Angolan opposition journalist’s wife assaulted in apparent retaliation for reporting

New York, October 4, 2022 – Angolan authorities must quickly investigate and bring to justice those responsible for the attack on Ludmila Pinto, the wife of broadcaster Claudio Pinto, in an apparent warning to the journalist, the Committee for Peace said on Tuesday. protection of journalists.

At around 6 p.m. on September 20, two unidentified men whose faces were concealed by surgical masks broke into the Pintos’ home in Luanda, the capital, according to a statement from Radio Despertar, media reports, and the journalist and his wife, who both spoke to CPJ via a messaging app. Claudio Pinto, who hosts the “In” news program on Radio Despertar, which belongs to the National Union for the Total Independence of Angola (UNITA) opposition party, was not at home at the time. the.

The men tied Ludmila Pinto’s arms and legs with a clothesline and repeatedly slapped her, punched her in the stomach and kicked her all over her body while threatening to kill their crying one-year-old son, the journalist told CPJ. One of the attackers went into the kitchen, heated a kitchen knife and cut Ludmila Pinto at least 16 times on the arm and 12 times on the legs, she told CPJ. The men said they would “come back to finish the job if her husband didn’t shut up,” she said.

“Authorities must thoroughly investigate the brutal attack on the wife and son of Radio Despertar journalist Claudio Pinto and ensure that the perpetrators are swiftly arrested and successfully prosecuted,” said the South Africa program coordinator. CPJ, Angela Quintal. “If you don’t, you will send the message that the same goes for President João Lourenço’s second term as President of Angola, where journalists continue to be denied their right to work without fear and where self-censorship is endemic”.

The ruling party, the Popular Movement for the Liberation of Angola (MPLA) won the disputed August 24 election with a slim majority, which won Lourenço a second term as president amid opposition allegations of voter fraud that led to large protests.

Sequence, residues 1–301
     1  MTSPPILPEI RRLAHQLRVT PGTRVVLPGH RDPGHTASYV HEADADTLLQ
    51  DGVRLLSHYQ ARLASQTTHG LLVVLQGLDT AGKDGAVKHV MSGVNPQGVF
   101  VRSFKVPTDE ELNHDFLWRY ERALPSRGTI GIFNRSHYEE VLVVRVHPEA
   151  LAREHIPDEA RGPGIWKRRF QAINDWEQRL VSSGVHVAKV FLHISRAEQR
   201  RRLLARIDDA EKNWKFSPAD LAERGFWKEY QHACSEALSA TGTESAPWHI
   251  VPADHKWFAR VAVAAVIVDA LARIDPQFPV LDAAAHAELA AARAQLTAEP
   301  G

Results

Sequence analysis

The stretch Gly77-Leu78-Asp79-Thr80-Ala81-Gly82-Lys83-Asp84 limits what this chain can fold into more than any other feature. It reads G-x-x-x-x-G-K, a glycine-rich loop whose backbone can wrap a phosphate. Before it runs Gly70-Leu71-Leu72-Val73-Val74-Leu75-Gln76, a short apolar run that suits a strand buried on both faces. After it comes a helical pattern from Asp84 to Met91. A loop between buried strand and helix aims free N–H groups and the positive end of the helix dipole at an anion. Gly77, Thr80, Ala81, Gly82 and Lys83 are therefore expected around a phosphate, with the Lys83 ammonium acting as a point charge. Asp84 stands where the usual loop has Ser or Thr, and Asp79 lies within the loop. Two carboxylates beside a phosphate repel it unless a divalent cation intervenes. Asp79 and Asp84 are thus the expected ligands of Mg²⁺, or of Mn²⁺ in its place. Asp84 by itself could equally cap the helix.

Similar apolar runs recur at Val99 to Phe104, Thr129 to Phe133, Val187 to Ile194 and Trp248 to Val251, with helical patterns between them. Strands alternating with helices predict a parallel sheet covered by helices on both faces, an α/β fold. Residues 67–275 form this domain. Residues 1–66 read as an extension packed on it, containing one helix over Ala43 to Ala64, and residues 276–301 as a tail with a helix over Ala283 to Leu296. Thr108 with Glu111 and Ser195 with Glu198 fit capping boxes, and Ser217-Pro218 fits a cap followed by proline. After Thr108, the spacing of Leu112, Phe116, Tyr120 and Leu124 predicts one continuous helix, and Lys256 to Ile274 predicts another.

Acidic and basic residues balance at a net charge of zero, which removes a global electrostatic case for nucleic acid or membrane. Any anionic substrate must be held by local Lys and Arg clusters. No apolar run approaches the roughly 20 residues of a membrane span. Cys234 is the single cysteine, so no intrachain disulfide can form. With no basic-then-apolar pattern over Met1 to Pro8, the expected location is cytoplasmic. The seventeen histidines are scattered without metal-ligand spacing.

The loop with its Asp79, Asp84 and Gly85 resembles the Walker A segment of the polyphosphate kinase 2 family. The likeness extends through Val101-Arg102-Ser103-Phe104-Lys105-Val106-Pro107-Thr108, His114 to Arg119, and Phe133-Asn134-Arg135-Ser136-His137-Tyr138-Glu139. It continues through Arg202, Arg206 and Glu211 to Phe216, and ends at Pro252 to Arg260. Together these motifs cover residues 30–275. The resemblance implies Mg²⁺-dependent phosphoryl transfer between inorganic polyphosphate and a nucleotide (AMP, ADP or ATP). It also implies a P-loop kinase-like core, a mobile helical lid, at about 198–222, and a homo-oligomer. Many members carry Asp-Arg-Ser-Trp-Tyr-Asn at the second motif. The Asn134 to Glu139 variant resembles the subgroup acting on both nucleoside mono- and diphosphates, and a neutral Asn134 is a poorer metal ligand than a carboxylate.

Pinto, who works under the name King, told CPJ the men were in the house for about 20 minutes and left a scribbled note in Portuguese saying “King Aviso” (“King Warning”).

Pinto told CPJ he believed the attack was prompted by his show’s coverage of the election, particularly its reporting that the ruling party lost the vote in Luanda. He also said the attack may have been in response to a interview on his show with one of the radio station’s election commentators criticizing the Secret Service for allegedly persecuting activists, politicians and journalists. “They are professionals who entered my house and left without a trace,” Pinto said.

Ludmila Pinto told CPJ she heard the pair say her husband was ‘close to the boss’, ‘knows a lot’ and that they might need to ‘finish the job if he doesn’t shut up’. . Her husband told CPJ he thought the “boss” was likely a reference to UNITA leader Adalberto Costa Júnior.

The couple opened a case at the local Kilamba police station, and Ludmila Pinto was treated for her injuries at the local Sagrada Esperança clinic and was also receiving trauma support, the journalist said. He said police came to his house the next day to collect evidence.

Commander José “Caly” do Carmo of the Kilamba police station in Luanda told CPJ by phone that the investigation into the attack was progressing and that he had no further information to share.

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